4. Modeling Spike-Train Processing in the Cerebellum Granular Layer and Changes in Plasticity Reveal Single Neuron Effects in Neural Ensembles

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    Chaitanya Medini

    2012-01-01

    Full Text Available The cerebellum input stage has been known to perform combinatorial operations on input signals. In this paper, two types of mathematical models were used to reproduce the role of feed-forward inhibition and computation in the granular layer microcircuitry to investigate spike train processing. A simple spiking model and a biophysically-detailed model of the network were used to study signal recoding in the granular layer and to test observations like center-surround organization and time-window hypothesis in addition to effects of induced plasticity. Simulations suggest that simple neuron models may be used to abstract timing phenomenon in large networks, however detailed models were needed to reconstruct population coding via evoked local field potentials (LFP and for simulating changes in synaptic plasticity. Our results also indicated that spatio-temporal code of the granular network is mainly controlled by the feed-forward inhibition from the Golgi cell synapses. Spike amplitude and total number of spikes were modulated by LTP and LTD. Reconstructing granular layer evoked-LFP suggests that granular layer propagates the nonlinearities of individual neurons. Simulations indicate that granular layer network operates a robust population code for a wide range of intervals, controlled by the Golgi cell inhibition and is regulated by the post-synaptic excitability.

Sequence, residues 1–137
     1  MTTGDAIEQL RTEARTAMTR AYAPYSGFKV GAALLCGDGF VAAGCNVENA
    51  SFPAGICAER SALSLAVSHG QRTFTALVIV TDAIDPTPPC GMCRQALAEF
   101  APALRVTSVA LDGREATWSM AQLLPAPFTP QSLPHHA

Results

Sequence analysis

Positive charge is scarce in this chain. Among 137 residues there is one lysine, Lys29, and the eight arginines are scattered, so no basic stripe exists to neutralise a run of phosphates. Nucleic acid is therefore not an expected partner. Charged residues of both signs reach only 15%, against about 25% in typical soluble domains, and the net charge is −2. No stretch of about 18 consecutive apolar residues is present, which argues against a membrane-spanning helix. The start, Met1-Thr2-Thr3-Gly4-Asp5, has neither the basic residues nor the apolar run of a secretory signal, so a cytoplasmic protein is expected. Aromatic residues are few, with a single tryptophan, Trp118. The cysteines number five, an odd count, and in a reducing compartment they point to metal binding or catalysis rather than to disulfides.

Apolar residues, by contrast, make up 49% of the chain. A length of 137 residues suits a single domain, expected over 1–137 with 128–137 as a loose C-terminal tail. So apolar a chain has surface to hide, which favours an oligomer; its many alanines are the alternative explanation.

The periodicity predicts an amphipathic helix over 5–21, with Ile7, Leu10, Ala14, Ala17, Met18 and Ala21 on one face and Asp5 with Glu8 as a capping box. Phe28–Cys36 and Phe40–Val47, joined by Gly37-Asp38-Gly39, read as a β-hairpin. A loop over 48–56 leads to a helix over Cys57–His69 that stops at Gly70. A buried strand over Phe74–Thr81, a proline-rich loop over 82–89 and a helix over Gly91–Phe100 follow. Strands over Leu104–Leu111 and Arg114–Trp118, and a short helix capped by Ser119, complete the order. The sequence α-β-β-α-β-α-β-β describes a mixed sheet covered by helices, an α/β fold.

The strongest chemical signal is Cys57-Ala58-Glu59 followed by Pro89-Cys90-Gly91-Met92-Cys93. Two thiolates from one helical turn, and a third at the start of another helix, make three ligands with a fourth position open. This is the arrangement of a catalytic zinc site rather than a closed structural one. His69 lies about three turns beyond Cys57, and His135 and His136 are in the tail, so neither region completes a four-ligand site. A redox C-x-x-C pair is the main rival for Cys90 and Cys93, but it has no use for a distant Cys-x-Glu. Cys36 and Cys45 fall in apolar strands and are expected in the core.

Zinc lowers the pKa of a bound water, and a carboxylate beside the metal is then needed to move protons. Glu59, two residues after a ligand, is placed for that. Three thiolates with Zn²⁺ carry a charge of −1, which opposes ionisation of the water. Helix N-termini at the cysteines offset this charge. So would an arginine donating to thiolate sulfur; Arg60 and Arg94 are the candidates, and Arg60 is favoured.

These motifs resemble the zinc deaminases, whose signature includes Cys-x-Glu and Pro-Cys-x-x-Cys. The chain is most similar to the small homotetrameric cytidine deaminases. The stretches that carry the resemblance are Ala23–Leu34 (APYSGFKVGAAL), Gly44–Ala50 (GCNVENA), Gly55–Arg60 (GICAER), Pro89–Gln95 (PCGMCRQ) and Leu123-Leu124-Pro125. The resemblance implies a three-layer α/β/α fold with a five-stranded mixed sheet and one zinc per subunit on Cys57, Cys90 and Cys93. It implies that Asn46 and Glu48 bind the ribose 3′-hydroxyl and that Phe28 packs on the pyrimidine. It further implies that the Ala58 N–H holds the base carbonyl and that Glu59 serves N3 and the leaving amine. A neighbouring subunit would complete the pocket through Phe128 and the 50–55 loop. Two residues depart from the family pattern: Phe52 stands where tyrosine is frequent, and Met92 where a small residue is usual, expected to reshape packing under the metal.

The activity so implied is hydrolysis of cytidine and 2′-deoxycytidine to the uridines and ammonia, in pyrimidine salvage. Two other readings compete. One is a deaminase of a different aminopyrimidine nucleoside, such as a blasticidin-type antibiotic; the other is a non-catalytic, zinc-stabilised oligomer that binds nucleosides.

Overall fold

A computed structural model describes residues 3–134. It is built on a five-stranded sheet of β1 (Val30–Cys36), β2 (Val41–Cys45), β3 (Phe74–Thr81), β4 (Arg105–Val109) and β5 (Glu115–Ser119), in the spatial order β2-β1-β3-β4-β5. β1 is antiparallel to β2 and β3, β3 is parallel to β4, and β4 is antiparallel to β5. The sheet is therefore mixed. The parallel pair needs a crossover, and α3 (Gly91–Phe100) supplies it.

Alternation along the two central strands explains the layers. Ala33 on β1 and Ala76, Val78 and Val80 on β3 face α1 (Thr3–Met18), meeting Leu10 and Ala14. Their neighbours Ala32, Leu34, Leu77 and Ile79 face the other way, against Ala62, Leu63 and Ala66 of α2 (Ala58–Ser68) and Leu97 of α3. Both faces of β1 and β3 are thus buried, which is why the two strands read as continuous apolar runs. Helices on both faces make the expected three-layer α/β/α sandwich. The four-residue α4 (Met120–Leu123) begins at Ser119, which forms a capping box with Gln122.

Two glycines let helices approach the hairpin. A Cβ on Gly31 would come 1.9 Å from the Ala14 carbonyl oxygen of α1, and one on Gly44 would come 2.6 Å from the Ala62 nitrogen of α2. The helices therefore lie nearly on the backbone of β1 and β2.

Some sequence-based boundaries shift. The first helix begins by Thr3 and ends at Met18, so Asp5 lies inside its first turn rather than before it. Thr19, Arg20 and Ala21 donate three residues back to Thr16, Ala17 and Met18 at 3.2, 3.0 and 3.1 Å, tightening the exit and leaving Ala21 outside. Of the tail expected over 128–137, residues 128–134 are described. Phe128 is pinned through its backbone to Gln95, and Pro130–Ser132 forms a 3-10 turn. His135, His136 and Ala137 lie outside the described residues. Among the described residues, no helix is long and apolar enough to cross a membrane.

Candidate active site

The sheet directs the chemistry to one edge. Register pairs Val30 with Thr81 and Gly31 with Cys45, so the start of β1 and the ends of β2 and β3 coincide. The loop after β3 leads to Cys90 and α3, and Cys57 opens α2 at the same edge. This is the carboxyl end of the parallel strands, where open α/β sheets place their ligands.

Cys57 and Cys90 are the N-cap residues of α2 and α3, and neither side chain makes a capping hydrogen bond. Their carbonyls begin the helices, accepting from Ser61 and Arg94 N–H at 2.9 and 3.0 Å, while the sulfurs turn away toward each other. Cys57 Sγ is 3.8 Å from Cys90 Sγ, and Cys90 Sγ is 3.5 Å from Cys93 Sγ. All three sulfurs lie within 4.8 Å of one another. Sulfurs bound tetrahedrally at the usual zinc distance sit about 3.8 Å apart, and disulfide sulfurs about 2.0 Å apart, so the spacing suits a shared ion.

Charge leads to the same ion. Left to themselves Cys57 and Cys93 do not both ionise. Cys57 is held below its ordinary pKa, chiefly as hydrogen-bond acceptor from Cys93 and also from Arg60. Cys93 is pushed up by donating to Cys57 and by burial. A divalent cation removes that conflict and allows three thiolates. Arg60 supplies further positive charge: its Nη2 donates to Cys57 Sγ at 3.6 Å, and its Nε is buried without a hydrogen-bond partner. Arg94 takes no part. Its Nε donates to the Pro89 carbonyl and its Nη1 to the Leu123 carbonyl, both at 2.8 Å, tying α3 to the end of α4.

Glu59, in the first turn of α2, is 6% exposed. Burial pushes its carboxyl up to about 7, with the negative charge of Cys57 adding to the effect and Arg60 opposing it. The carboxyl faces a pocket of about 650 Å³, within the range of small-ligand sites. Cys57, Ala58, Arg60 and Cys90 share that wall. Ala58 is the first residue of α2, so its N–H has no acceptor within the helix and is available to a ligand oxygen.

5. Endurance training effects on 5-HT(1B) receptors mRNA expression in cerebellum, striatum, frontal cortex and hippocampus of rats.

    Science.gov (United States)

    Chennaoui, M; Drogou, C; Gomez-Merino, D; Grimaldi, B; Fillion, G; Guezennec, C Y

    2001-07-01

    The 5-HT(1B) receptors are the predominant auto- and heteroreceptors located on serotonergic and non-serotonergic terminals where they regulate the neuronal release of neurotransmitters. The present study investigated the effects of a 7 week period of physical training on the expression of cerebral 5-HT(1B) receptors by measuring corresponding mRNA levels in rat. Using RNase protection assay technique, we have observed no change in 5-HT(1B) receptor mRNA levels in the striatum and in the hippocampus after moderate as well as after intensive training. In contrast, a significant decrease in 5-HT(1B) receptor mRNA levels was observed in cerebellum of intensively trained rats. Moreover, in frontal cortex, a significant decrease in 5-HT(1B) receptors mRNA level occurred in both groups of trained rats. These data suggest the existence of regional differences in the effect of physical exercise on the expression of 5-HT(1B) receptors. PMID:11516568